Think about evaluating the local markets: who the buyers are (demographic profiling) and what they might buy from Soxi. Has Soxi had success with this demographic in other markets? Soxi is going to take a deeper look at the SKUs. They are looking at the assortment data more carefully and determining that certain sizes and combination packs sell better in certain regions and with certain groups of consumers. Soxi decides to pare down some of their offerings at Gap to avoid end-of-season markdowns of the larger foot sizes that just are not selling well with Gap customers. In fact, at Banana Republic smaller foot sizes are often out of stock. Looks like an opportunity there, too. In discussions with the Gap, these ideas are discussed and Gap places new purchases for the next season.

Again, Soxi is mostly relying on store-level data and associated public sources of local data around those stores. Can we agree that this cannot be done with spreadsheets?

Get Collaborative and Make Even More Money

“Creating a collaborative relationship can be done,” Jim stated, “but it takes work and finesse. Performing over time and then being well prepared to make the big pitch is most important. …Analyze the business opportunities in the relationship,” advised Jim. “Don’t just show up with the samples. Today’s tough retailers want the opportunity quantified.”

Soxi’s demographic analysis sees that certain communities in the Southeast have very large populations of school age children, so they begin discussions with Walmart to offer children’s socks. Walmart buys in on the idea, because Soxi has done their homework and can present the opportunity and data effectively. And Baby Gap? Could be an opportunity there, as well. In a collaborative relationship, Soxi can work with customers like Gap to gain an understanding of their future fashion plans and design products that meet the fashion palettes and themes. Over time, they are winning an “assumptive” or preferential position with their customers because they understand the information that increases sales and minimizes markdowns.

Jim discussed the many more benefits, such as finding new channel partners, and effectively tracing promotional ads, that can be gained by leveraging store-level data and local information.

Collaborative Data and EDI — More NEECOM

There were other great speakers who talked about shortening the cycle of trading partner information, making it easy to get and leverage information. One such speaker was from Liaison, who does not only traditional EDI, but also inter-enterprise business process management and workflow. They described an interesting process for reducing the work involved in designing processes and data integration between trading partners who require standard data (such as EDI).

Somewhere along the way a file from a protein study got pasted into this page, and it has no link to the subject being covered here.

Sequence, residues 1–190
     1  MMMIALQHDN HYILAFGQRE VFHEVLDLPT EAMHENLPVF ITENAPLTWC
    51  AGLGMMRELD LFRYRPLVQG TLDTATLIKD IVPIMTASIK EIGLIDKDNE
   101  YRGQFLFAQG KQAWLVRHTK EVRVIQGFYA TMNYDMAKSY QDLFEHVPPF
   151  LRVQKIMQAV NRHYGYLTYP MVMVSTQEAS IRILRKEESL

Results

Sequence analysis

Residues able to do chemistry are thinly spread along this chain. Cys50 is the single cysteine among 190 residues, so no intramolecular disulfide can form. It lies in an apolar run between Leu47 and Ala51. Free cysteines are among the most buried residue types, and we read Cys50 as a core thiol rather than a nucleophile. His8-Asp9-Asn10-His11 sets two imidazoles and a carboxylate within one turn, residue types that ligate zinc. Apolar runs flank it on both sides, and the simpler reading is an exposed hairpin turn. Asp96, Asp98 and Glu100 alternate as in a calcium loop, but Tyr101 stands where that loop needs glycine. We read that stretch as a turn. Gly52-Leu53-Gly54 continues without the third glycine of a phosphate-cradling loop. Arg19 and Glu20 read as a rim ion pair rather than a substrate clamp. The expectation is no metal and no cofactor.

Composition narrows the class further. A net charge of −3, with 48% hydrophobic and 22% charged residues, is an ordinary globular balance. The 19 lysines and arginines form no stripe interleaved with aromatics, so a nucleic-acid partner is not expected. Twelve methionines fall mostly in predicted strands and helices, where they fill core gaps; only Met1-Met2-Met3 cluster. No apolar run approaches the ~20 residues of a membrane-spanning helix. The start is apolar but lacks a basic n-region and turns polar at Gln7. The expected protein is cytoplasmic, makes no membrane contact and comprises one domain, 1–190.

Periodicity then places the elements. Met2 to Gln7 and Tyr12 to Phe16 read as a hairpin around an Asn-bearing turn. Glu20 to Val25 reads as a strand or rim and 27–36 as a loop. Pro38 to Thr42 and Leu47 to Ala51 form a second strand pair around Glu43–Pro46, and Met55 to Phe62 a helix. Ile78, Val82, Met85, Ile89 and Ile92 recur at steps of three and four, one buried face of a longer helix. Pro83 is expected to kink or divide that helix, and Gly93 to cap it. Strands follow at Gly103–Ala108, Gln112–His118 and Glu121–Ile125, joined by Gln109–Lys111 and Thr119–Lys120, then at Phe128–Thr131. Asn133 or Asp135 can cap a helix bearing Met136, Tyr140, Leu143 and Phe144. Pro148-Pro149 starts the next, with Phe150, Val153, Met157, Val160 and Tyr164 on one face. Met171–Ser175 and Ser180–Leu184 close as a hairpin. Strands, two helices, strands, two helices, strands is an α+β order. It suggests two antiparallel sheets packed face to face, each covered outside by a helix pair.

Another interesting company, called CoEnterprise, has a solution called Syncrofy™ , a task-based collaboration platform. As collaboration becomes more prominent in the enterprise world, moving beyond transactional-type data to support other informational and dialogue-based exchanges, these task-based collaborative workflows are showing up in trading partner platforms and social collaboration solutions.


Suppliers have mostly focused on being compliant, limiting their EDI (or standard business transmissions) to the ASN, a forecast, and an order/PO. They have not done much to leverage, request, and utilize the POS data. It is shocking to me how unpenetrated the retail side of demand management is. Spreadsheets are everywhere, but the scale of the data, plus the challenges of data quality mean that spreadsheets will fail to provide real value for understanding demand. (Read Crisis in Demand Management.)

If one looks at the portfolio of the tech companies mentioned above, for example EDI, tasked-based workflow and demand management, the trading partner cycle is fairly complete in retail and really changes the game — less inventory, more sales, and better trading partner relationships.

The rest of the NEECOM experience also offers a great deal of knowledge, making it a high impact experience for members and attendees.


1 You can also read a recent article about forecasting and promotions in our May 21, 2014 issue. — Return to article text above

2 Please note, Soxi is a fictional company. This scenario is a composite of several case studies. — Return to article text above

3 Walmart LocationsReturn to article text above

4 Walgreens Store Count by StateReturn to article text above

5 Walgreens Distribution OpportunitiesReturn to article text above

6 About Gap Inc. – Key FactsReturn to article text above

7 I decided to abstract his talk and turn it into this story. — Return to article text above

8 Very interesting discussion about the ERS siteReturn to article text above

To view other articles from this issue of the brief, click here.